The youth population in our region is growing. There are 10% more — the equivalent of about 330,000 young people — in 2021 than in 2016explained Alex Munter, co-chairman of the steering committee of the health team.

Demands for care services are on the risehe observes.

At the same time, the demand for pediatric services in French is just as high. In Eastern Ontario, he says, the need is dire.

Alex Munter interviewed in a corridor in front of a work of art painted by children's hands.

Alex Munter, President and CEO at CHEO and Co-Chair of the Kids Come First Health Team Committee.

Photo: Radio-Canada

The report finds that health and social service providers in the Champlain region are unable to offer services in French to all young Francophones.

During our investigations, we discovered that several agencies did not have the tools to make an active offer of health services in French, although they had theexplained Jacinthe Desaulniers, President and CEO of the French Language Services Network of Eastern Ontario (RSSFE).

Some agencies do not know where the young French-speaking patients are and what their needs are. The territory is vast, Francophones are dispersed and information about them is difficult to find, explains Ms. Desaulniers.

Another challenge: recruitment. Several agencies have to deal with a shortage of French-speaking staff.

The most important issue in the health system is access to human resources. For Francophones, it’s a double challenge because you don’t just need employees who are competent in the services they offer, but they also need to be able to do it in French.pointed out Ms. Desaulniers.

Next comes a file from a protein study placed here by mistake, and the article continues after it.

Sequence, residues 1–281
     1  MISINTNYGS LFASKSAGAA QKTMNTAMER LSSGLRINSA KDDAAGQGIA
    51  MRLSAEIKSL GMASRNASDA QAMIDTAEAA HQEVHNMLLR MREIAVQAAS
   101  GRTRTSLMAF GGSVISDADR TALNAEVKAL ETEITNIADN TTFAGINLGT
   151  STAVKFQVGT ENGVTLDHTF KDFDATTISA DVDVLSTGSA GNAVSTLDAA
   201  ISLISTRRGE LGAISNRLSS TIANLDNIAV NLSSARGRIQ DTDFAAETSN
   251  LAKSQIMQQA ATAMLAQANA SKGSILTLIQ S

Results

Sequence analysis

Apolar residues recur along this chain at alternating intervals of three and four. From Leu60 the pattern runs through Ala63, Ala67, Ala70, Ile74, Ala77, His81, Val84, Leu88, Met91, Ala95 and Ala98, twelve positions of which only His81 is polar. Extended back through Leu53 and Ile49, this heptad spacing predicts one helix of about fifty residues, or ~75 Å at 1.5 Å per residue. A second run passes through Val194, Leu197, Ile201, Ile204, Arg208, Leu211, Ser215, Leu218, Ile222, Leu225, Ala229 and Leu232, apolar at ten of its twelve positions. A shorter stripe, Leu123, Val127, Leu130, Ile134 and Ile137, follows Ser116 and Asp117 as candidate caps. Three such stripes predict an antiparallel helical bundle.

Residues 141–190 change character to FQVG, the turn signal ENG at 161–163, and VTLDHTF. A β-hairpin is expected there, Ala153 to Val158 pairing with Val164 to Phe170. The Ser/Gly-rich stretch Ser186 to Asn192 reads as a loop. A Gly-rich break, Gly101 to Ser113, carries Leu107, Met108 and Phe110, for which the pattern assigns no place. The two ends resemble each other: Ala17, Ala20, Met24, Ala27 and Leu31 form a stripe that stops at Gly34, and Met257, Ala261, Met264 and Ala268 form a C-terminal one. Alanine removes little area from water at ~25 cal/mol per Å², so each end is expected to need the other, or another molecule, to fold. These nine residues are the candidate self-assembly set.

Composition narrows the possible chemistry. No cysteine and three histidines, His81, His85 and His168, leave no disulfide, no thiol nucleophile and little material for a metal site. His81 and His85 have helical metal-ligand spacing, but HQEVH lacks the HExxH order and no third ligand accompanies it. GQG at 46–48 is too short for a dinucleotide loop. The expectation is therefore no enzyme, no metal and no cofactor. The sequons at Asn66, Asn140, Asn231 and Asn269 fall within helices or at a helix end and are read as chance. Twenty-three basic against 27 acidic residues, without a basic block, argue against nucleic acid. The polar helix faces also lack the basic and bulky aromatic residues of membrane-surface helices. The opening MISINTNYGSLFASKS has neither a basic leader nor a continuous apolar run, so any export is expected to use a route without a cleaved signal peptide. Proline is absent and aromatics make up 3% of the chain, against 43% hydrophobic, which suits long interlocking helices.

Funding is also an issue. In health, for Francophones, there are often initiatives, but they are project-based and there is not necessarily sustainability. [dans l’offre]explained the President and CEO of the RSSFE.

An interactive platform to the rescue

The health team Children first relies heavily on its brand new interactive digital platform in which it has gathered a lot of information on young Francophones and their health needs.

This platform should solve a first problem of access to customer information, believes Ms. Desaulniers.

There is data on Francophones, where they are, their socio-demographic factors, and data that we have been able to obtain from all kinds of studies such as indices of deprivation she detailed.

The platform also identifies service points.

Close-up of Mrs. Petitpas Taylor.

Ginette Petitpas Taylor will lead the Canadian delegation in Geneva.

Photo: The Canadian Press/Patrick Doyle

On the subject of funding, the federal Minister of Official Languages, Ginette Petitpas Taylor, who made an appearance at the unveiling of the report, recalled that her government is already doing its part.

In our action plan for official languages, we have invested more than $22 million to improve health care for official language minority communities, including $10 million to specifically support health services for young people childrenshe pointed out.

She also recalled another federal initiative. If Bill C-13, which aims to modernize the Official Languages ​​Act, is passed, the federal government will be obliged to protect official language minority community institutions such as health care.



Reference-ici.radio-canada.ca

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